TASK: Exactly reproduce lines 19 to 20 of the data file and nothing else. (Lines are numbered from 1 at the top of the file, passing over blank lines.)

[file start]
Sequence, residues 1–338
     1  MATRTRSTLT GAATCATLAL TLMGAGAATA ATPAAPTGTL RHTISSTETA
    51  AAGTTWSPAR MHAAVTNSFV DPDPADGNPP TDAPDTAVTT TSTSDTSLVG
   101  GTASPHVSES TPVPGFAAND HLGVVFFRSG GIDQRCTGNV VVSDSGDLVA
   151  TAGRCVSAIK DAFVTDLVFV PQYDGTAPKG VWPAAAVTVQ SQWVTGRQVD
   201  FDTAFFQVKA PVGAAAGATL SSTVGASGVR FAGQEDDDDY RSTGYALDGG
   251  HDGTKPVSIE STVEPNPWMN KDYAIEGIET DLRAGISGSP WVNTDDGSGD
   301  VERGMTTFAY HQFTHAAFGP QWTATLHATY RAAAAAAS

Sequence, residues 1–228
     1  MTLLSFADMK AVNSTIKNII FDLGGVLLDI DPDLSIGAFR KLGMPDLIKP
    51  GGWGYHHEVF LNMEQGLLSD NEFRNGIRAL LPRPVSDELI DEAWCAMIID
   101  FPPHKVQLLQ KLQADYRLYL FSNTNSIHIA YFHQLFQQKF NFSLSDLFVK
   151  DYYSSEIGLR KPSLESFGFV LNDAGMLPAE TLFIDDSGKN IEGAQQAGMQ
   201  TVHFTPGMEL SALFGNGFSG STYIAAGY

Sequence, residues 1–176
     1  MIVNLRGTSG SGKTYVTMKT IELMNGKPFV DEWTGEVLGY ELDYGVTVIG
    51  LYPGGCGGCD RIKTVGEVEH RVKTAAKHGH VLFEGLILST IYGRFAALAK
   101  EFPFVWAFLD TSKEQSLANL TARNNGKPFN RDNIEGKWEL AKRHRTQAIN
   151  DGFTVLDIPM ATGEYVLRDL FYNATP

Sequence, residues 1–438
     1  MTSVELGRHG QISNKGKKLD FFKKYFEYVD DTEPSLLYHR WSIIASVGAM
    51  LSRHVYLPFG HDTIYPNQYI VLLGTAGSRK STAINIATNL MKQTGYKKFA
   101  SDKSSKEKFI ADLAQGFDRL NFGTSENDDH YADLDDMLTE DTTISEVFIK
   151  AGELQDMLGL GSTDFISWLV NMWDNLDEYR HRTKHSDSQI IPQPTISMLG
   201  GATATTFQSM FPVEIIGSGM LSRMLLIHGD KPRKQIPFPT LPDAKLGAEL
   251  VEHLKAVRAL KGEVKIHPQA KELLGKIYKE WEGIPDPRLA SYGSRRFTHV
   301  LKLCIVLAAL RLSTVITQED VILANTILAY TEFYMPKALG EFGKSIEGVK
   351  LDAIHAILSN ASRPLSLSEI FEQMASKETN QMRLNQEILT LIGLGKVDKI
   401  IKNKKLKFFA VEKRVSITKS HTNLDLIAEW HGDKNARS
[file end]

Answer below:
   151  DGFTVLDIPM ATGEYVLRDL FYNATP

Sequence, residues 1–438